10 Best Songs in Double Drop D Tuning (With Tabs!)

Published Categorized as Acoustic Guitar Songs, Songs

Are you looking to learn a little more about double drop D tuning? Do you know the basics but now want to learn some songs that were written in this alternative tuning? Do you fancy yourself a songwriter and want to learn some tips and tricks on how to get started?

What? You don’t even know what double drop D Well, hit this double drop D tunning guide! How about how to tune a guitar? We’ve got you covered!

Table of Contents

songs in double drop d

1. “Ohio” by Neil Young

What more need we say about this legendary country artist than the legend that already precedes him wherever he goes? Sure, he might have garnered a bit of a miserly reputation of late by standing up to streaming platforms and removing as much of his music from them as he could, but who are we to judge this decision?

Really, it is a decision to be respected – after all, if were to choose between Neil Young and the conglomerate services as to which cares more about the sanctity of the artist, your money sure as heck shouldn’t be going on the latter.

The fact that this song right here is a reaction again the 1970 Kent State shootings where four student protestors of the Vietnam War were shot dead by the Ohio National Guard should tell you that his politics have always been broadly in the right place.

Check out the tab here.


2. “Satellite” by Elliott Smith

Though it might cause some controversy, there are many who would put Smith’s songwriting abilities right on par with Young’s, though they admittedly approach their craft from different perspectives.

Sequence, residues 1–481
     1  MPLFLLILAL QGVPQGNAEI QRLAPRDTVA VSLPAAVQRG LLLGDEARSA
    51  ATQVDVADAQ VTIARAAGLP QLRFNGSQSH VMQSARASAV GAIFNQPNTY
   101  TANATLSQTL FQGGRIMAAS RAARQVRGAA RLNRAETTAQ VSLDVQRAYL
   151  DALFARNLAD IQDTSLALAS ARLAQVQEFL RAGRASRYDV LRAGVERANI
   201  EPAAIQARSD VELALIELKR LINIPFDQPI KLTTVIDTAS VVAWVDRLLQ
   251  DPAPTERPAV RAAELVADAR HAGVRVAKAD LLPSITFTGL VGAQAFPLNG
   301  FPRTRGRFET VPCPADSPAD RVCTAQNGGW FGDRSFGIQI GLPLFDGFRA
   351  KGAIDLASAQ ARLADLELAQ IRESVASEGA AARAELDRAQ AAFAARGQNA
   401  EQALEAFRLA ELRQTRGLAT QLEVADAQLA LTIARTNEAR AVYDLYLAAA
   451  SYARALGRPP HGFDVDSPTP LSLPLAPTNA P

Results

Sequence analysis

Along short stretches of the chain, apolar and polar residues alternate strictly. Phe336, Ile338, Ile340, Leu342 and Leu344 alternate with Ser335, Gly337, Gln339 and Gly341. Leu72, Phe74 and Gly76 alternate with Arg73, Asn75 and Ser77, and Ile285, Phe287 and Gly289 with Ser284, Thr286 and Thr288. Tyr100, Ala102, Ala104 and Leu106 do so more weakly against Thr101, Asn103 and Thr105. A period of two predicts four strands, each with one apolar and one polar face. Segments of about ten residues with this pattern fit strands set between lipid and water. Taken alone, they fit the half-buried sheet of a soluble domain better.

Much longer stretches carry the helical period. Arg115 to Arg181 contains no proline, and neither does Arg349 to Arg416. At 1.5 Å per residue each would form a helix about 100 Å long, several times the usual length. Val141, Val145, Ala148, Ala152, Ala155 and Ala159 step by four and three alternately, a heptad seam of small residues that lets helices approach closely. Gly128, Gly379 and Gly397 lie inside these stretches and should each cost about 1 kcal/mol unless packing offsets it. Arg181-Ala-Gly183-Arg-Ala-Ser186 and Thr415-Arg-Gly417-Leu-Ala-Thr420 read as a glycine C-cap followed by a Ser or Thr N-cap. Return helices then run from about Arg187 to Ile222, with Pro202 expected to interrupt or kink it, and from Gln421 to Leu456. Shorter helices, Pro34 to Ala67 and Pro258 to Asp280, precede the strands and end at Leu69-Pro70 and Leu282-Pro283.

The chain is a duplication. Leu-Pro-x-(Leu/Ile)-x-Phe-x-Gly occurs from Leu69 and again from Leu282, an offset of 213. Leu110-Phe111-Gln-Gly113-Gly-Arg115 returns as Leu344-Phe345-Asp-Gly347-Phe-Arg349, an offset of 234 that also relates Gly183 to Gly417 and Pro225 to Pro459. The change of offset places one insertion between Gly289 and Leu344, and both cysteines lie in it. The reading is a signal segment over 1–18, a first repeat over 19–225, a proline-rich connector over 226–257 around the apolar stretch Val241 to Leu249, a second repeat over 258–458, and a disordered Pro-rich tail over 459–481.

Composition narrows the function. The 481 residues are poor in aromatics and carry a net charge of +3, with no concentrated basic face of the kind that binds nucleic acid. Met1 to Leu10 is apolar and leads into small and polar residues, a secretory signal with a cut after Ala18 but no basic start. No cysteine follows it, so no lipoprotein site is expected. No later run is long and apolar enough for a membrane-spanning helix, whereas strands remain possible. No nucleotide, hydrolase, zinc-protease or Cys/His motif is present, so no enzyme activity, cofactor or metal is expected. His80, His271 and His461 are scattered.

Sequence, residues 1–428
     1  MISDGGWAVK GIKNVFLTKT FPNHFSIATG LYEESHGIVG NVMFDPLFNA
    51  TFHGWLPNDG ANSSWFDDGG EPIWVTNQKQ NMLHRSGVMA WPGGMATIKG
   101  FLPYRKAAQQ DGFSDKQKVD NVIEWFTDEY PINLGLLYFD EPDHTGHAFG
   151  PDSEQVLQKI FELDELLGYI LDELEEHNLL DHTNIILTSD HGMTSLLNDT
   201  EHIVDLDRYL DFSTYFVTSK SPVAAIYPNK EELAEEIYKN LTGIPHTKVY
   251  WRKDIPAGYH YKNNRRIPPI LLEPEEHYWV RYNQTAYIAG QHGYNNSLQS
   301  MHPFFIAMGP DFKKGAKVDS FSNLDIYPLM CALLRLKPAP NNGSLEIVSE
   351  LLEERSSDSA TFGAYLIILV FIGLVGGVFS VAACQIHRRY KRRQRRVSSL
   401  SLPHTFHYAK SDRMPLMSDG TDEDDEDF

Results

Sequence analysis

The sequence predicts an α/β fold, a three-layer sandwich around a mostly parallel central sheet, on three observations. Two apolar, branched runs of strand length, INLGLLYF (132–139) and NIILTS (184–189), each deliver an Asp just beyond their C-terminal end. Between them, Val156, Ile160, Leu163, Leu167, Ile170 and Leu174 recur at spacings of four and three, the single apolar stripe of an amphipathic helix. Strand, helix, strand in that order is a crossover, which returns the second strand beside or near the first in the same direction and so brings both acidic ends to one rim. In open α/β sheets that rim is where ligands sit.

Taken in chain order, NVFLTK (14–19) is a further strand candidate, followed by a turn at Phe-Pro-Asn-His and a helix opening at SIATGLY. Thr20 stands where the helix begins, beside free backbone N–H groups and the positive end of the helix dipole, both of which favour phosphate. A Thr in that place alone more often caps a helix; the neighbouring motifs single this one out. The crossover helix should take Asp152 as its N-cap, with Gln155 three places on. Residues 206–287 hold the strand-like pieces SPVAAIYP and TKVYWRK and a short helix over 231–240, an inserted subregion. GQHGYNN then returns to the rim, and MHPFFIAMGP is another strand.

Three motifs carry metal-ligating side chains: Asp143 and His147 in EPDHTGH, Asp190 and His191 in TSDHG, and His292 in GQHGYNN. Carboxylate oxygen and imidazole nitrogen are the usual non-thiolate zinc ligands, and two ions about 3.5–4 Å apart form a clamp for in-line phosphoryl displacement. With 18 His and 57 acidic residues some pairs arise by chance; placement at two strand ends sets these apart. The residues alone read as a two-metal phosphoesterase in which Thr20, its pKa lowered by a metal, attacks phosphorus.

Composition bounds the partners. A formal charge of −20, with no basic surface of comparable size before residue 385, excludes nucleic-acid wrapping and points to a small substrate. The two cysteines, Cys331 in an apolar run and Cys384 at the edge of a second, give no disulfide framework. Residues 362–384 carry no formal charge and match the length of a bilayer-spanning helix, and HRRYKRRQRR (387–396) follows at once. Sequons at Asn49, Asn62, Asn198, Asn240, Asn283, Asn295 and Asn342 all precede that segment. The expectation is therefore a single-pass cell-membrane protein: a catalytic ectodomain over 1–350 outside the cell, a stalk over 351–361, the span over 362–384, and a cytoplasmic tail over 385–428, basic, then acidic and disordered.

Young is from one of the original eras of country rock and so has always been inspired by those kinds of sounds. Smith is considerably younger and is more informed by folk with a healthy amount of respect for the Beatles, using power chords just as often as complex alternate tunings, showing that it doesn’t always have to be the preserve of metal songs.

Unlike the progressive rock band Tool, though, Smith’s music is replete with whisper-spun yarns full of nuance and intrigue. Some listeners have even likened his vocals to the spinning of spider webs, so delicate and fragile are they, so vulnerable.

Check out the tab here.


3. “Don’t Let It Bring You Down” by Neil Young

This track comes from Young’s signature 1970 album After the Gold Rush, one of his first great solo albums featuring the kind of gently smart balladry that would go on to character his entire oeuvre.

Young is in fact a much revered guitarist, though this is rarely spoken about in comparison to the praise lauded upon his lyricism and general artistry. Indie filmmaker Jim Jarmusch was such a fan of his playing that he asked him to soundtrack his 1995 Western drama Dead Man, most of which is propelled by his snarling and spacious solo guitar.

His keen ability to play smartly and experiment is seen on “Don’t Let It Bring You Down” too, where he takes regular old double drop-D and tunes the whole guitar down another step. Thus, this song is in fact in double drop-C.

Check out the tab here.

Don't Let It Bring You Down

4. “Devils & Dust” by Bruce Springsteen

Though the so-called Boss is undoubtedly better known for his earlier output, his later music is oft-considered equally as compelling by more contrarian music fans.

In particular, this title track from his 2005 record Devils & Dust won him three Grammy nominations, likely because of how topical the subject matter must have felt at the time. The song is in fact centered around the Iraq War, the protagonist being a soldier who served in the initial invasion and who is subsequently struggling with the morality of his decision.